Vocal timbre, or voice quality refers to a particular multidimensional quality or tone color of vocal sound production that is perceived by a listener. It is the perceptual correlate of spectral characteristics of vocalized sound shaped by the regularity of the vibration cycle (period) of the vocal folds. Vocal timbre is often referenced in terms of what it is not — that is, the aspect of vocal sound which is not frequency (pitch), not amplitude (volume), and not time (duration). As Kreiman and Gerratt demonstrate, “voice quality is an interaction between an acoustic voice stimulus and a listener; the acoustic signal itself does not possess vocal quality, it evokes it in the listener. For this reason, acoustic measures are meaningful primarily to the extent that they correspond to what listeners hear” (1998: 1598).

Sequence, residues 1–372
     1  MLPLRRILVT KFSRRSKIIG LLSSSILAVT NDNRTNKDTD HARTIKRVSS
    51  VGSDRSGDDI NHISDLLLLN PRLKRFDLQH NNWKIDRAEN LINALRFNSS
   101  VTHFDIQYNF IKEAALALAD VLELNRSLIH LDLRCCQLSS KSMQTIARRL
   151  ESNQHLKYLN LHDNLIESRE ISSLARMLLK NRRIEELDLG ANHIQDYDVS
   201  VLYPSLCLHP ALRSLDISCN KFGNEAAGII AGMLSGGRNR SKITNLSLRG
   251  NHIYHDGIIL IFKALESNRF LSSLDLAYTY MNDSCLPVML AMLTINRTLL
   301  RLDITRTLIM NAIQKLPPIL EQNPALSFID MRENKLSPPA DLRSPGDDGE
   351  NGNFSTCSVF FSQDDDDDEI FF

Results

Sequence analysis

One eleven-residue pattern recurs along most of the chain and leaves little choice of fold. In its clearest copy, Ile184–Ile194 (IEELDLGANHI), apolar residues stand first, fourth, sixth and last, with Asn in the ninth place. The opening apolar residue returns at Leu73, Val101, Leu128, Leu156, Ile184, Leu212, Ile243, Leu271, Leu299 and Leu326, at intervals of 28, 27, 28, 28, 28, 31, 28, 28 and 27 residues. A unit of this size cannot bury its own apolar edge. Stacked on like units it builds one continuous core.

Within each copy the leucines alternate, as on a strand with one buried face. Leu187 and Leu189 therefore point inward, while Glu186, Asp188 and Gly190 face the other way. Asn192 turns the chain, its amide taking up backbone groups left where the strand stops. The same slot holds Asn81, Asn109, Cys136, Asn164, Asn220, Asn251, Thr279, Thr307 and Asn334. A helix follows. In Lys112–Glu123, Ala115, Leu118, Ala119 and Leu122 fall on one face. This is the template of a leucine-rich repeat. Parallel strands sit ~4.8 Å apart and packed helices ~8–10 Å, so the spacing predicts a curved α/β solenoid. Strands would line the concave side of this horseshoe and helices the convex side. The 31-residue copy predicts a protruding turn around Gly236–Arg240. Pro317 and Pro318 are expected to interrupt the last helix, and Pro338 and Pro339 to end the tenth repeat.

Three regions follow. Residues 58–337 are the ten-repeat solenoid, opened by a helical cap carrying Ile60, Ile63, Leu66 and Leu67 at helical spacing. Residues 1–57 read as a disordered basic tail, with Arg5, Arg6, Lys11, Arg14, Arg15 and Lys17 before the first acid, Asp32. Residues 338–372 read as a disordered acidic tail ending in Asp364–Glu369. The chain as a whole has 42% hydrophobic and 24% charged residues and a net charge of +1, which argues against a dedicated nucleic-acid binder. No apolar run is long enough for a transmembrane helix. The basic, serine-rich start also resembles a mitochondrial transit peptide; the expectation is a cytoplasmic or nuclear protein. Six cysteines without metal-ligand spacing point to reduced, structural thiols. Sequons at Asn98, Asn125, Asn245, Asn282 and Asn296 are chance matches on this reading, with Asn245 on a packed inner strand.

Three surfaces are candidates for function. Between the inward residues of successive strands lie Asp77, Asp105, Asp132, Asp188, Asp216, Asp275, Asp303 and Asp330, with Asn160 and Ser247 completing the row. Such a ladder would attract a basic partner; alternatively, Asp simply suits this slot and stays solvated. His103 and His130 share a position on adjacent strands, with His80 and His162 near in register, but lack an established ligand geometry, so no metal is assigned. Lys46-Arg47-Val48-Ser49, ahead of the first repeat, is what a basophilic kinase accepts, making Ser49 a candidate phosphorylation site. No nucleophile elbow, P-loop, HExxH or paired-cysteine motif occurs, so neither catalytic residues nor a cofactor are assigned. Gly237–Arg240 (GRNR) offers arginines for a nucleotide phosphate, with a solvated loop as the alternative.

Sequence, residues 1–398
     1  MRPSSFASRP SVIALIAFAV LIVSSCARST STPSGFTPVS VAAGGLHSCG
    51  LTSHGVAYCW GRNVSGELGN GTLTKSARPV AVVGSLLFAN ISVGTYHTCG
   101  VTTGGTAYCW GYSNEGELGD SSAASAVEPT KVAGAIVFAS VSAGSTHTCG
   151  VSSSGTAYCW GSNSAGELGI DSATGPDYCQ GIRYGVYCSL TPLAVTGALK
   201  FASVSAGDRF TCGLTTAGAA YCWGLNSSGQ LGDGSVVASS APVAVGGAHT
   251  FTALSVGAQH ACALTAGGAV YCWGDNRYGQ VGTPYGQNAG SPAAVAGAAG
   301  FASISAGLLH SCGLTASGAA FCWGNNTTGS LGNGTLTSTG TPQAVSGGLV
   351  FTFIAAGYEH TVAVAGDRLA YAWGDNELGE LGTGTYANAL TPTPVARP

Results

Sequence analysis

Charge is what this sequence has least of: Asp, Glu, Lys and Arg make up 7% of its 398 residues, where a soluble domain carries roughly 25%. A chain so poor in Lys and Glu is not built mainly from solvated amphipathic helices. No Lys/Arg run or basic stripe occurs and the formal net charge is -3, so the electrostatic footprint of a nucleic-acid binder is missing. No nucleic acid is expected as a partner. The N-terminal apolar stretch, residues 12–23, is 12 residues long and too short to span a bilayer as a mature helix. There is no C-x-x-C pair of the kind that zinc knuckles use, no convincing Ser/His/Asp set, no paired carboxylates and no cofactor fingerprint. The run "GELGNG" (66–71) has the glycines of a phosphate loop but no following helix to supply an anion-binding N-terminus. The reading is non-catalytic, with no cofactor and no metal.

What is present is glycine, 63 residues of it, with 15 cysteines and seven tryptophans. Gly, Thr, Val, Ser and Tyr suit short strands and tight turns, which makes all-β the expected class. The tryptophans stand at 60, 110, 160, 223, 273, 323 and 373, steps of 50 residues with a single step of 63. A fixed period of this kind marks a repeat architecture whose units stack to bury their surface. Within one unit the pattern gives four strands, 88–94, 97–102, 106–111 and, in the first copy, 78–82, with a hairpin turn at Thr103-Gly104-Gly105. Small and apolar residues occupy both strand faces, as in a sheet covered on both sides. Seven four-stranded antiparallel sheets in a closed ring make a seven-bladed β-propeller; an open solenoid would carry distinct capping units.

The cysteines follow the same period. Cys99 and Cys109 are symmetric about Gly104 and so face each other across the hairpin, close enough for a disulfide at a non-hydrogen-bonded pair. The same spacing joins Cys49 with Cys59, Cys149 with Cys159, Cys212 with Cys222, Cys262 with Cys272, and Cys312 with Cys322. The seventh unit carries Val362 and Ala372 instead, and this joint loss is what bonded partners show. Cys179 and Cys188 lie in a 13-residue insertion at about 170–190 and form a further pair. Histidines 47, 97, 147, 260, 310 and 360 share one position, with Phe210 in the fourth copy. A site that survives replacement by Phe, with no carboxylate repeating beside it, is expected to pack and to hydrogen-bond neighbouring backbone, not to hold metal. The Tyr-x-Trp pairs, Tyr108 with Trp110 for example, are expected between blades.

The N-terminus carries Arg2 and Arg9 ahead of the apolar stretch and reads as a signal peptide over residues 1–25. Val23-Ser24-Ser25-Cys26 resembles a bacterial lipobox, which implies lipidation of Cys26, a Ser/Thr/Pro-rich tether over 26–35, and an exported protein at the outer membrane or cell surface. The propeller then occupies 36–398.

Kreiman, Jody, and Bruce R. Gerratt. 1998. “Validity of rating scale measures of voice quality.” The Journal of the Acoustical Society of America 104 (3): 1598-1608. (See also related works by these scholars.)